Reynolds and Brusa have both been on San Francisco’s Advanced Single-A affiliate since Opening Day, but Quinn had to wait his turn this year. Due to a hamate bone injury in his hand, Quinn started the season on the shelf. On Monday, Quinn was assigned to San Jose looking to soar in the outfield with Brusa and Reynolds. 

Immediately, Quinn showed the impact he can make on a team. 

Quinn, 21, went 1-for-4 with a double and a strikeout Monday. In his second game with the team, Quinn finished as the only Giant with multiple hits in Tuesday’s loss, going 2-for-4 with another double and a strikeout. 

In 2016, the former Samford product forced his way to a small late-season stint with San Jose after dominating at Short Season Single-A with the Salem-Keizer Volcanoes. The right fielder had a .337 batting average, .423 on-base percentage and a .571 slugging percentage with nine home runs in 54 games. Across the board, he led the team in all three slash-line categories, plus doubles (19) and total bases (117). 

After Quinn’s success with the Volcanoes, he finished the final four games with the Giants and just kept on hitting. Quinn went 6-for-17 with a double, good for a .353 batting average. He is ranked the Giants’ No. 7 prospect by and No. 16 by Baseball America.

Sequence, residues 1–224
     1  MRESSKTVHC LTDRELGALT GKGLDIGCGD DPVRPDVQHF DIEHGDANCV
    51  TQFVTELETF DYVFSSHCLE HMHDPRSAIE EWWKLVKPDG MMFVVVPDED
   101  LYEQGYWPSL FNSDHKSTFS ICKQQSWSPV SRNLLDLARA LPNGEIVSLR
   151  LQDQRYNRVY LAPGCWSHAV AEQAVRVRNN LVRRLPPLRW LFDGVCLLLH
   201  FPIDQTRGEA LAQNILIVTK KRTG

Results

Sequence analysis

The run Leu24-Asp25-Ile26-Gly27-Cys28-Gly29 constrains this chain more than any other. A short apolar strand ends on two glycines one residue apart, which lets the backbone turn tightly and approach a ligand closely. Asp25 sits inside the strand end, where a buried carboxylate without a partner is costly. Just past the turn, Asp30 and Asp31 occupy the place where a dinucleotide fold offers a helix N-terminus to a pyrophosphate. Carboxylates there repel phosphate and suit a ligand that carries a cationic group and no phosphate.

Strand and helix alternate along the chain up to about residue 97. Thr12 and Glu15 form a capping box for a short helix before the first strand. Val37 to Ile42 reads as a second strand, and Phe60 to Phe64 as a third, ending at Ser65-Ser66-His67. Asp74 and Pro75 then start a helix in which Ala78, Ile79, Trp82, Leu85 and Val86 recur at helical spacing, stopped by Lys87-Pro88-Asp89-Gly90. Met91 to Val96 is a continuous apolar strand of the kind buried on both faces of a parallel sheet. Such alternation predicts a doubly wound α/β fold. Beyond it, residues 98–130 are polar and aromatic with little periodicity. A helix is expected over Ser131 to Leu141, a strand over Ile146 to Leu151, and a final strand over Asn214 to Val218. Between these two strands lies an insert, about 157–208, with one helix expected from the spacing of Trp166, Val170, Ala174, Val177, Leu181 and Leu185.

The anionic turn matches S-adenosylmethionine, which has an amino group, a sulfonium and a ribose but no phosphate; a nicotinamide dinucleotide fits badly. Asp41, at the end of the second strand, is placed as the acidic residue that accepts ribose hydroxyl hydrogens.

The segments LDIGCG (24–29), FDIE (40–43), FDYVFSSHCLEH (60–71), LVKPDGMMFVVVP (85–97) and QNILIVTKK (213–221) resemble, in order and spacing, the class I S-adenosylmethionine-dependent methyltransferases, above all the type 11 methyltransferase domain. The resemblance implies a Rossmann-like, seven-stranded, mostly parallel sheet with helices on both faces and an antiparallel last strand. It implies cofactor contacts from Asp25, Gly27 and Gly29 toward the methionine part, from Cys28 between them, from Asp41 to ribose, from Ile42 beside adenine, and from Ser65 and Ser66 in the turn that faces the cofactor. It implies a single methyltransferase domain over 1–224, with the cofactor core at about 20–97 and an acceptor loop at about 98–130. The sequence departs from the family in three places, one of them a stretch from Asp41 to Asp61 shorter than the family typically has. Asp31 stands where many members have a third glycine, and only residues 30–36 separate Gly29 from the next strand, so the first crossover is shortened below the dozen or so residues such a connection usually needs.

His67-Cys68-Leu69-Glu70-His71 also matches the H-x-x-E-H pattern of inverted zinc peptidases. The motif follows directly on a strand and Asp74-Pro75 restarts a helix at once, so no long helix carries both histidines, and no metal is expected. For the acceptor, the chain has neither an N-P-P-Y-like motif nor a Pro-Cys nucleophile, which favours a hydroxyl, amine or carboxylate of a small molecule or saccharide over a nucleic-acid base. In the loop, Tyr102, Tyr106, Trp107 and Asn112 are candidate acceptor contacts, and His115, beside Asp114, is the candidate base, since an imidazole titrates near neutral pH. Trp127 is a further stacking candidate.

Reynolds, the highest ranked prospect of the three outfielders, is going through an up-and-down season so far. The center fielder started off on fire and stood at a .341 batting average after the first 10 games. Now 33 games into the season, Reynolds is down to .252 to go with a .318 on-base percentage and .356 slugging percentage. 

On a positive note, Reynolds may be finding his swing. Prior to his 0-for-3 showing Tuesday, he produced big back-to-back games on Sunday and Monday. Reynolds finished the final two games of a four-game series against the Island Empire 66ers going 4-for-9 with two doubles, a triple and a run scored. The talent is certainly there for the top pick from 2016. 

Out in left field, Brusa, a local talent from from the University of the Pacific, is off to a slow start and hasn’t hit any higher than .212 this season. Brusa has power — he was the only player to have more homers than Quinn in 2016 with the Volcanoes and has four long balls so far this year — but strikeouts are slowing him down. In 30 games, Brusa has struck out 37 percent of the time, going down 42 times in 114 at-bats. 

While Reynolds and Brusa are facing a bit of a sophomore slump, there’s plenty of season left and the third piece to the puzzle in Quinn may have arrived at the perfect time. 

Around The Horn 

— Aaron Hill began his rehab assignment with San Jose on Tuesday night. The veteran utility man went 0-for-4 as the team’s DH with three strikeouts. 

— Outfielder Austin Slater is on fire at Triple-A with the Sacramento River Cats. Slater collected two more hits Tuesday and is now batting .360 in May. 

— Kyle Crick continues to be a story to watch in Sacramento. The former top prospect has been converted from a starting pitcher to a reliever and it’s been paying off lately. Crick has tossed six straight scoreless appearances out of the bullpen. Here’s the numbers in that span: Eight innings pitched, two hits, four walks and nine strikeouts.